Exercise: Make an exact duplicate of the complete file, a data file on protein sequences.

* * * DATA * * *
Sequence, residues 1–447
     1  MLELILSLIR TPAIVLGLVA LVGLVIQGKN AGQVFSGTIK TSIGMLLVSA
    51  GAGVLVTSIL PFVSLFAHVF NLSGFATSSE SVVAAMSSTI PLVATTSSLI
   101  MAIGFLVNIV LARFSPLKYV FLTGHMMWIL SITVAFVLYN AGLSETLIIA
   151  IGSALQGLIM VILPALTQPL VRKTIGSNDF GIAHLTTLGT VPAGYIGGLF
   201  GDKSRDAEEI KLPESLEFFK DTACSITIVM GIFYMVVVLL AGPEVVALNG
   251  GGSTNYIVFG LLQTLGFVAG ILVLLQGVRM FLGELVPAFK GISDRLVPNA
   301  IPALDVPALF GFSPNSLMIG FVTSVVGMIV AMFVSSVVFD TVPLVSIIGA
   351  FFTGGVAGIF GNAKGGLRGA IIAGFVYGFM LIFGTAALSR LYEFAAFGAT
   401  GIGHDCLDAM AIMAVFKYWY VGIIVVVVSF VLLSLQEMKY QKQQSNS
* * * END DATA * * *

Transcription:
Sequence, residues 1–447
     1  MLELILSLIR TPAIVLGLVA LVGLVIQGKN AGQVFSGTIK TSIGMLLVSA
    51  GAGVLVTSIL PFVSLFAHVF NLSGFATSSE SVVAAMSSTI PLVATTSSLI
   101  MAIGFLVNIV LARFSPLKYV FLTGHMMWIL SITVAFVLYN AGLSETLIIA
   151  IGSALQGLIM VILPALTQPL VRKTIGSNDF GIAHLTTLGT VPAGYIGGLF
   201  GDKSRDAEEI KLPESLEFFK DTACSITIVM GIFYMVVVLL AGPEVVALNG
   251  GGSTNYIVFG LLQTLGFVAG ILVLLQGVRM FLGELVPAFK GISDRLVPNA
   301  IPALDVPALF GFSPNSLMIG FVTSVVGMIV AMFVSSVVFD TVPLVSIIGA
   351  FFTGGVAGIF GNAKGGLRGA IIAGFVYGFM LIFGTAALSR LYEFAAFGAT
   401  GIGHDCLDAM AIMAVFKYWY VGIIVVVVSF VLLSLQEMKY QKQQSNS